49. Harrow the Ninth, by Tamsyn Muir, on October 1st
  50. The Way of Kings, by Brandon Sanderson, on October 10th*
  51. Words of Radiance, by Brandon Sanderson, on October 17th*
  52. Oathbringer, by Brandon Sanderson, on October 20th
  53. Rhythm of War, by Brandon Sanderson, on October 23rd
  54. The Grace of Kings, by Ken Liu, on November 1st
  55. Station Eleven, by Emily St. John Mandel, on November 8th
  56. Who Fears Death, by Nnedi Okorafor, on November 10th
  57. Ancillary Justice, by Ann Leckie, on November 11th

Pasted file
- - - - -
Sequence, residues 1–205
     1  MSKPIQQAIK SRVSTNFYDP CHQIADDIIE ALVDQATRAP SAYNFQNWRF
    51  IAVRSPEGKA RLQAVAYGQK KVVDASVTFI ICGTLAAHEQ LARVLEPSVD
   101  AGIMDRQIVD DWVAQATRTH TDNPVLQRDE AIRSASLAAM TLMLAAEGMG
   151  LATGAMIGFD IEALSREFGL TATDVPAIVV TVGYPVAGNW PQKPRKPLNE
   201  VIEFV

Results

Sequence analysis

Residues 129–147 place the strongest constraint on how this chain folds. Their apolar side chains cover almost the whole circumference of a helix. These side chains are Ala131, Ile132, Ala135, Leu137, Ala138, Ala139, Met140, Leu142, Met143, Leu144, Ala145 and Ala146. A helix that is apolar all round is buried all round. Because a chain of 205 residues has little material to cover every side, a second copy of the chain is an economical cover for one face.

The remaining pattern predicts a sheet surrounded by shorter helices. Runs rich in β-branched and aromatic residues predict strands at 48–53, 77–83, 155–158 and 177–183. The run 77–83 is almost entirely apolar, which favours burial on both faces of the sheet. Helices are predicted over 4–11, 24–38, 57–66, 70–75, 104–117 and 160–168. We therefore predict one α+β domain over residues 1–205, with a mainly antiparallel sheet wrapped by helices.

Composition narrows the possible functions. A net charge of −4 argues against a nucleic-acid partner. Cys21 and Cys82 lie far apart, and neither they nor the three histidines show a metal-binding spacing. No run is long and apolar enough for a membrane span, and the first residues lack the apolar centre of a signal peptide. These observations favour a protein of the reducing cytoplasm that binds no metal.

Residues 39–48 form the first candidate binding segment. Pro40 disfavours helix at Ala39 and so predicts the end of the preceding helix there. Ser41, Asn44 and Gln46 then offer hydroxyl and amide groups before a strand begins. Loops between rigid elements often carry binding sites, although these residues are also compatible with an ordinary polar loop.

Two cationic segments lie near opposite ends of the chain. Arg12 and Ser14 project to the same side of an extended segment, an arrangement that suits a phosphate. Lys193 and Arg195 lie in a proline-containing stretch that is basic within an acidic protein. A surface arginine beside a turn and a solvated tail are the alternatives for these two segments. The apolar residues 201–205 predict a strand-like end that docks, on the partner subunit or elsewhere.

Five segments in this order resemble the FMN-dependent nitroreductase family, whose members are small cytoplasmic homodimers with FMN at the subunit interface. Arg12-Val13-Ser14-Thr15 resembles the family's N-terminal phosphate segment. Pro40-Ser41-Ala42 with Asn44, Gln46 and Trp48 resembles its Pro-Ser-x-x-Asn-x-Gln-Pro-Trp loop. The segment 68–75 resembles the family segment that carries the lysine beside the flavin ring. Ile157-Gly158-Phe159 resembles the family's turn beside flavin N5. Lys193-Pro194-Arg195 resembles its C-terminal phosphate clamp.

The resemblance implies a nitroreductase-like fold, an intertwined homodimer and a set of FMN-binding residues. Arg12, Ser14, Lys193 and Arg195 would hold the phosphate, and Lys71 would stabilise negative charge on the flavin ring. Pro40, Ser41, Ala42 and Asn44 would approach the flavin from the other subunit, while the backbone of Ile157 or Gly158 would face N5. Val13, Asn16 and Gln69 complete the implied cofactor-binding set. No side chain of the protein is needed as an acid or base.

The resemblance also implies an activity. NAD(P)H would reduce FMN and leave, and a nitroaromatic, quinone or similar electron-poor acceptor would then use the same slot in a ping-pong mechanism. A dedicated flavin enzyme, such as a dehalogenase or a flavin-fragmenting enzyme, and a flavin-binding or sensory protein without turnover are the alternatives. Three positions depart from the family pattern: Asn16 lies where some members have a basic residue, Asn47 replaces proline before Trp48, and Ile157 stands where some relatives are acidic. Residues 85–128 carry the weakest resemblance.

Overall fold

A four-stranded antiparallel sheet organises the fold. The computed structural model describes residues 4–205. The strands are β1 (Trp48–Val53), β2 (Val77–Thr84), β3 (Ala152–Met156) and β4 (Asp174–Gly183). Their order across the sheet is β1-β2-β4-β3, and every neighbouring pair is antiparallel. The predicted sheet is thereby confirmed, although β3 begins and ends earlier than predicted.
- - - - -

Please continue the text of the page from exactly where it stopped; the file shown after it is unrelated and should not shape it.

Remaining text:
58. Ancillary Sword, by Ann Leckie, on November 12th
  59. Ancillary Mercy, by Ann Leckie, on November 12th
  60. Iron Widow, by Xiran Jay Zhao, on November 14th
  61. Uprooted, by Naomi Novik, on November 17th
  62. A Memory Called Empire, by Arkady Martine, on November 20th
  63. Gridlinked, by Neal Asher, on December 13th*
  64. The Line of Polity, by Neal Asher, on December 16th*
  65. Brass Man, by Neal Asher, on December 19th*

Currently I am reading Susanna Clarke’s Jonathan Strange & Mr Norrell. It’s very good, but it’s also very long and I don’t think I will finish it in time to to get to 66 books in 2022.

It turns out I just read a ton if I have the time so I don’t think there is any point setting a reading goal for next year. I may still keep a list, though. It’s kind of fun to look back over the books I read.